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Advancing Public Goods

Edited by Jean-Philippe Touffut

The studies cover topics in the conceptualization, classification and stratification of public goods. Also examined are public institutional design, global economic institutions and partnership typologies. Individual papers address the financing, regulatory, organizational and legal aspects relating to services of general interest in Europe. The dynamics of global public good production, including monopolies, patents, scientific uncertainty and market failures, are discussed. Empirical research on the state, profit and non-profit sectors is presented. Providing numerous examples of specific public goods, the contributions also highlight the impact of macroeconomic policies on provision. The book presents a broad diversity of new approaches to global public goods within the framework of mixed economies, beyond the standard economic analysis of public services.
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Chapter 6: Knowledge as Global Public Good: Production Conditions and Preconditions

Claude Henry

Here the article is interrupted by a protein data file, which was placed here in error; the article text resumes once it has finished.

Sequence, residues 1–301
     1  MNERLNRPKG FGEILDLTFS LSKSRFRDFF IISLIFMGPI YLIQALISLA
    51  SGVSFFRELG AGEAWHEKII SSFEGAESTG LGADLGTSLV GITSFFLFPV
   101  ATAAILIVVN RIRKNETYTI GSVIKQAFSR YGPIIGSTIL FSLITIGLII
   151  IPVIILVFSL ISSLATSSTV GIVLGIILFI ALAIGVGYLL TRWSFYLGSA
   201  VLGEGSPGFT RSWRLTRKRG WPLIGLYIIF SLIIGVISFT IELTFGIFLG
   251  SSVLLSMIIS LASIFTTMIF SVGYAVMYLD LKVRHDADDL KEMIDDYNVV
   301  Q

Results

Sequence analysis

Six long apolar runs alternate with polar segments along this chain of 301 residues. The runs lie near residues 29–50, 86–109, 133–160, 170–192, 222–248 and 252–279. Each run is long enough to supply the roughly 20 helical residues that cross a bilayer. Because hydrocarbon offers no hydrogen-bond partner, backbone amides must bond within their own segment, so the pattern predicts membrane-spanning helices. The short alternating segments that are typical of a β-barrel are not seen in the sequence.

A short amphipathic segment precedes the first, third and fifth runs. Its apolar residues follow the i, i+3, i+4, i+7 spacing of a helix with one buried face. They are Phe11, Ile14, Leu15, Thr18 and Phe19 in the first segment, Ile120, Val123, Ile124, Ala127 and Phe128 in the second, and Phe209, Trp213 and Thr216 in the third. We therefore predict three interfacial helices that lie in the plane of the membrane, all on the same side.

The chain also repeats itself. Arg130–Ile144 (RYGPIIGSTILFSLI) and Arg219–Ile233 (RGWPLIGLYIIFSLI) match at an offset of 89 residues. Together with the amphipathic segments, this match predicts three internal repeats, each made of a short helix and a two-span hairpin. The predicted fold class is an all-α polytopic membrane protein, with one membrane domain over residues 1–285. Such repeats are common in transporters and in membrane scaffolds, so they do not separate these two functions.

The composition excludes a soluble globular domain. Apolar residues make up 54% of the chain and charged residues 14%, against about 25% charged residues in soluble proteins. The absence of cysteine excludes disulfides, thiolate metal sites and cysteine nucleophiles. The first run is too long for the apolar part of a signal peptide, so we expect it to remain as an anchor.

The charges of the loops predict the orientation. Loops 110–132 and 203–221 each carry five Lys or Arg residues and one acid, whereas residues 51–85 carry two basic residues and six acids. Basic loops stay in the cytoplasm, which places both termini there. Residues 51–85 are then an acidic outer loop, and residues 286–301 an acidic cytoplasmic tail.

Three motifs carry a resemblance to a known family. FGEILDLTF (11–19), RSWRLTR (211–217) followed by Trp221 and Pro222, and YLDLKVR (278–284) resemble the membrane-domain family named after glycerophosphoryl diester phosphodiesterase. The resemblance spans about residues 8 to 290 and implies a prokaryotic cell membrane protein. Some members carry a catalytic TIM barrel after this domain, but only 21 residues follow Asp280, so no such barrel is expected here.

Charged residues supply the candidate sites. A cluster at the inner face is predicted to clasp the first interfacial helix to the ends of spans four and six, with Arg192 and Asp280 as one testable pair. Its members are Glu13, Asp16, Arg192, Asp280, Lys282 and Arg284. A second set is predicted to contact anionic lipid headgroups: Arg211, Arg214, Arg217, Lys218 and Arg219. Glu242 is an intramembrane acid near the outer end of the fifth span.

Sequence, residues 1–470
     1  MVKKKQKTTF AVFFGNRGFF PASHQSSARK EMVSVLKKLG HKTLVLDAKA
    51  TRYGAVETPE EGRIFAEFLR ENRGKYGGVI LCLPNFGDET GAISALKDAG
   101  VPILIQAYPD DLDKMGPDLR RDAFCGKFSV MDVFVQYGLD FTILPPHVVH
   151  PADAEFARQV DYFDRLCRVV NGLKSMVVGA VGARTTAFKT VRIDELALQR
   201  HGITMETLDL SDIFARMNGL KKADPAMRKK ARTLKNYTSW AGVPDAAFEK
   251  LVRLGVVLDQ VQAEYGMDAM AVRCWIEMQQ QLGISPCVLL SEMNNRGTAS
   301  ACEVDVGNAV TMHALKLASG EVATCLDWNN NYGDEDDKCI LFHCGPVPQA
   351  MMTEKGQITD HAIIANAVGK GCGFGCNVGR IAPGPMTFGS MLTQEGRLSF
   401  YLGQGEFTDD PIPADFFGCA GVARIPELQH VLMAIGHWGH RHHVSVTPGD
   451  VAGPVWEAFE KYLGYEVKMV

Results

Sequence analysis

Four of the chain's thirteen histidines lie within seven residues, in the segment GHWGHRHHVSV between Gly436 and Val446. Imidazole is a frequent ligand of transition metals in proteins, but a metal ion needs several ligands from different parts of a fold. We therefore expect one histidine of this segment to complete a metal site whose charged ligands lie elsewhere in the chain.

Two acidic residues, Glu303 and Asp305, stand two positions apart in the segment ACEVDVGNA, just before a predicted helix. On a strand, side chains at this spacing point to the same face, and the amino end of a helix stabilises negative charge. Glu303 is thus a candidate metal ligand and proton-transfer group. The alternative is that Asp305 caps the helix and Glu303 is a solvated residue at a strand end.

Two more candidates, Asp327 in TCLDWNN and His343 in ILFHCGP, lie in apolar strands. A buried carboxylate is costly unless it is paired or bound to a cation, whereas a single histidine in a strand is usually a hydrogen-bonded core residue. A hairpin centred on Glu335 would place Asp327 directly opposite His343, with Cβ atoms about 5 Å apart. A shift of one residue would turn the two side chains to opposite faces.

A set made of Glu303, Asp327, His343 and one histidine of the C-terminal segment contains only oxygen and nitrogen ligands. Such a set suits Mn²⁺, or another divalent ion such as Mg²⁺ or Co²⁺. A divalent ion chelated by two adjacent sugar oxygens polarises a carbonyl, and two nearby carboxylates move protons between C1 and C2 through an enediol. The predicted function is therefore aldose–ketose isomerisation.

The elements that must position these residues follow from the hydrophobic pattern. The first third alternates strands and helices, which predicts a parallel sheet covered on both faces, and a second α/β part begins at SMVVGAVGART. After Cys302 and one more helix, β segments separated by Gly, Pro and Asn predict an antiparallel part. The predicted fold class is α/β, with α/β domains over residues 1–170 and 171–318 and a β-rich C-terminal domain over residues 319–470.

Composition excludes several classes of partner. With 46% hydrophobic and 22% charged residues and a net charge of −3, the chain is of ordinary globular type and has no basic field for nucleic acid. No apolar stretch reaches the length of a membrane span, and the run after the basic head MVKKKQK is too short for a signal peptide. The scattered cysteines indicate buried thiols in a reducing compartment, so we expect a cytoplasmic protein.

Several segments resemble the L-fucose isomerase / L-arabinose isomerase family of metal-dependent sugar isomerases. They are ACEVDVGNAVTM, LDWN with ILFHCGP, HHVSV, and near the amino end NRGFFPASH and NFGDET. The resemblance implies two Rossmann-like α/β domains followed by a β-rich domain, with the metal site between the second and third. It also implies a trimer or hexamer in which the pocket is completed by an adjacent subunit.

Claude Henry INTRODUCTION Freely circulating knowledge is sometimes held up as the perfect example of a global public good. It is both worldwide and intergenerational. It is a legacy par excellence (except in cases of historical cataclysm like the fall of the Roman Empire). Yet certain forms of knowledge – invention in particular – cannot be produced without making, at least temporarily, this global public good into a ‘club’ good.1 The opening section of this chapter analyses the tensions between the resulting club good and the public good, their effects and possible regulatory solutions. At the same time, knowledge is a necessary precondition for the production of other global public goods. In that respect, it generally assumes the form of uncertain knowledge. Neither deterministic, nor quantifiable in terms of objective probabilities, it might best be described as ambiguous. This is particularly due to the magnitude and functional complexity of global public goods. The decision to produce these goods requires that a crucial question be answered: what theoretical and empirical characteristics must this uncertain knowledge have in order to constitute an acceptable basis for decision making? The closing section of this chapter provides some responses to this question based on two particularly significant examples – climate change and the effectiveness of antibiotics. These two examples also bring to light a common temptation for decision makers to make use of uncertainty as an excuse for inertia well beyond what seems reasonably justified relative to the uncertainty in question. 137 138...

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